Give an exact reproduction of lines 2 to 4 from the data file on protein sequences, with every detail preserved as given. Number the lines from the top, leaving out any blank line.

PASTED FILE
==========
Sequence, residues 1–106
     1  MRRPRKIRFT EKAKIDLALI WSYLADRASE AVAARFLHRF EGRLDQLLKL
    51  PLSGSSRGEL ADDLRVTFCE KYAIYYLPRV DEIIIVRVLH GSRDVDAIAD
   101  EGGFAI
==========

     1  MRRPRKIRFT EKAKIDLALI WSYLADRASE AVAARFLHRF EGRLDQLLKL
    51  PLSGSSRGEL ADDLRVTFCE KYAIYYLPRV DEIIIVRVLH GSRDVDAIAD
   101  EGGFAI